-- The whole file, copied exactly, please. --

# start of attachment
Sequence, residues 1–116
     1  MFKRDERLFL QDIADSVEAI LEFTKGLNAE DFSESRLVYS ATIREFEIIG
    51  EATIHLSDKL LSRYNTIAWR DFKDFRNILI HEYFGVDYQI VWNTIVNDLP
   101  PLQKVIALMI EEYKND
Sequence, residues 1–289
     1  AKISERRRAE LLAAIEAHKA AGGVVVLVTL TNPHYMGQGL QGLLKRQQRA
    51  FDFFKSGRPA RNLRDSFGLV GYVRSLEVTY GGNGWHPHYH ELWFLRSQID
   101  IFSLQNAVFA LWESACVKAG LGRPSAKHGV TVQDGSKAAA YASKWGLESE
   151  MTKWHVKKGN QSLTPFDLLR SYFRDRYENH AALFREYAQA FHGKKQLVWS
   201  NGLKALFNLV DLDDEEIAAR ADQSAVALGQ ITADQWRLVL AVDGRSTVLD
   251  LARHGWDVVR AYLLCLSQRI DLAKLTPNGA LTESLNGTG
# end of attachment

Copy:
Sequence, residues 1–116
     1  MFKRDERLFL QDIADSVEAI LEFTKGLNAE DFSESRLVYS ATIREFEIIG
    51  EATIHLSDKL LSRYNTIAWR DFKDFRNILI HEYFGVDYQI VWNTIVNDLP
   101  PLQKVIALMI EEYKND
Sequence, residues 1–289
     1  AKISERRRAE LLAAIEAHKA AGGVVVLVTL TNPHYMGQGL QGLLKRQQRA
    51  FDFFKSGRPA RNLRDSFGLV GYVRSLEVTY GGNGWHPHYH ELWFLRSQID
   101  IFSLQNAVFA LWESACVKAG LGRPSAKHGV TVQDGSKAAA YASKWGLESE
   151  MTKWHVKKGN QSLTPFDLLR SYFRDRYENH AALFREYAQA FHGKKQLVWS
   201  NGLKALFNLV DLDDEEIAAR ADQSAVALGQ ITADQWRLVL AVDGRSTVLD
   251  LARHGWDVVR AYLLCLSQRI DLAKLTPNGA LTESLNGTG